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  6. null (Ed.)
    Abstract Imperfect historical records and complex demographic histories present challenges for reconstructing the history of biological invasions. Here, we combine historical records, extensive worldwide and genome-wide sampling, and demographic analyses to investigate the global invasion of Mimulus guttatus from North America to Europe and the Southwest Pacific. By sampling 521 plants from 158 native and introduced populations genotyped at >44,000 loci, we determined that invasive M. guttatus was first likely introduced to the British Isles from the Aleutian Islands (Alaska), followed by admixture from multiple parts of the native range. We hypothesise that populations in the British Isles then served as a bridgehead for vanguard invasions worldwide. Our results emphasise the highly admixed nature of introduced M. guttatus and demonstrate the potential of introduced populations to serve as sources of secondary admixture, producing novel hybrids. Unravelling the history of biological invasions provides a starting point to understand how invasive populations adapt to novel environments. 
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  7. Abstract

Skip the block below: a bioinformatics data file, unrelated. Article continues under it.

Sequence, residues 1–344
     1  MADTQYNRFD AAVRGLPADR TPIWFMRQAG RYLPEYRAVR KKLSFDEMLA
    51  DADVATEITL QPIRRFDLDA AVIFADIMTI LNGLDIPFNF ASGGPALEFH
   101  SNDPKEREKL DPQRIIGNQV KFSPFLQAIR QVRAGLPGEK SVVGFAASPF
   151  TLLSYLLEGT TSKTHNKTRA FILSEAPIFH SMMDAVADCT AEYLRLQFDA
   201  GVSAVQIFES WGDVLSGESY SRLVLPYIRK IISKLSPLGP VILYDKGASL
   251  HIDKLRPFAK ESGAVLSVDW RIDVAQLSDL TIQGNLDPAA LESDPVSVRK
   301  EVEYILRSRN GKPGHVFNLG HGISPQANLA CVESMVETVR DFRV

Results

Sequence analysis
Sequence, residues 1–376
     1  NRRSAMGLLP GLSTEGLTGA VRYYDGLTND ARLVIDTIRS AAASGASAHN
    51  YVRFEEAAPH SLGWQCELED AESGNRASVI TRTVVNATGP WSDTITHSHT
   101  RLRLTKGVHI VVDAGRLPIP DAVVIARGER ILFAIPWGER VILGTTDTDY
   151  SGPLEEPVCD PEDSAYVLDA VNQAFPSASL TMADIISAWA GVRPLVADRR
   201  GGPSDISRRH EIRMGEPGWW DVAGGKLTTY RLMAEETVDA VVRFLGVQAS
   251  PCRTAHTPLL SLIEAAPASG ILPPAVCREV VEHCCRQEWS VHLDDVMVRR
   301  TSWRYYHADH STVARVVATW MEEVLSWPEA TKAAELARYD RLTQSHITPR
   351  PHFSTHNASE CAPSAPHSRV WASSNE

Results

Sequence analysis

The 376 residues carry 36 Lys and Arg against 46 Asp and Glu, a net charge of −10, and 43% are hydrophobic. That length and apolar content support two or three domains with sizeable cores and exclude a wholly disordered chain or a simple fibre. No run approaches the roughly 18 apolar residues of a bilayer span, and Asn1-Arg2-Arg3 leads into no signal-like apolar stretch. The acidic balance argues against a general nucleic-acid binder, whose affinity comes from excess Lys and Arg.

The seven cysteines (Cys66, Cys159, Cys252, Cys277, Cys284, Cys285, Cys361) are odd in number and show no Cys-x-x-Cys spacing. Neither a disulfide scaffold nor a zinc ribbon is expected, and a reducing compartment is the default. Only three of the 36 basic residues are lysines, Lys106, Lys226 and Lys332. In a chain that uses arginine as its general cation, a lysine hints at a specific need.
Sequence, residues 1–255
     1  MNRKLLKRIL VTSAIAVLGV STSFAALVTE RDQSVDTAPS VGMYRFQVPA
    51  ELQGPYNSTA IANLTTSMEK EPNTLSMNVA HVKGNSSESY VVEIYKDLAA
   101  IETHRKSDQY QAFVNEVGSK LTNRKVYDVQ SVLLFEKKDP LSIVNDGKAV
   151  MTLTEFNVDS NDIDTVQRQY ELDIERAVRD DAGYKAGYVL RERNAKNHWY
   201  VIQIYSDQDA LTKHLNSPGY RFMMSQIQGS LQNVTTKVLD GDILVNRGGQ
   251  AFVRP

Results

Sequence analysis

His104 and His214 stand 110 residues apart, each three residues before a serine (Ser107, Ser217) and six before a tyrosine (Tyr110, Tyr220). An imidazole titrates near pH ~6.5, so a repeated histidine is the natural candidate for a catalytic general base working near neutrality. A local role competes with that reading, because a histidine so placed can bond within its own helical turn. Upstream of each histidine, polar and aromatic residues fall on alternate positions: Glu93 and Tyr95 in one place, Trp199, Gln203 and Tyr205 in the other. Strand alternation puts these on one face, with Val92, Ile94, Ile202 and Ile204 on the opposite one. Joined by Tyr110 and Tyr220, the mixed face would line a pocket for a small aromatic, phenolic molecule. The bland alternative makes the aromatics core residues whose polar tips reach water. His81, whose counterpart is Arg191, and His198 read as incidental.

Many forms of reproductive isolation contribute to speciation, and early‐acting barriers may be especially important, because they have the first opportunity to limit gene flow. Ecogeographic isolation occurs when intrinsic traits of taxa contribute to disjunct geographic distributions, reducing the frequency of intertaxon mating. Characterizing this form of isolation requires knowledge of both the geographic arrangement of suitable habitats in nature and the identification of phenotypes involved in shaping geographic distributions. InMimulus aurantiacus,red‐ and yellow‐flowered ecotypes are incompletely isolated by divergent selection exerted by different pollinators. However, these emerging taxa are largely isolated spatially, with a hybrid zone occurring along a narrow region of contact. In order to assess whether responses to abiotic conditions contribute to the parapatric distribution of ecotypes, we measured a series of ecophysiological traits from populations along a transect, including drought sensitivity, leaf area and the concentrations of vegetative flavonoids. In contrast to the abrupt transitions in floral phenotypes, we found that ecophysiological traits exhibited a continuous geographic transition that largely mirrors variation in climatological variables. These traits may impede gene flow across a continuous environmental gradient, but they would be unlikely to result in ecotypic divergence alone. Nevertheless, we found a genetic correlation between vegetative and floral traits, providing a potential link between the two forms of isolation. Although neither barrier appears sufficient to cause divergence on its own, the combined impacts of local adaptation to abiotic conditions and regional adaptation to pollinators may interact to drive discontinuous variation in the face of gene flow in this system.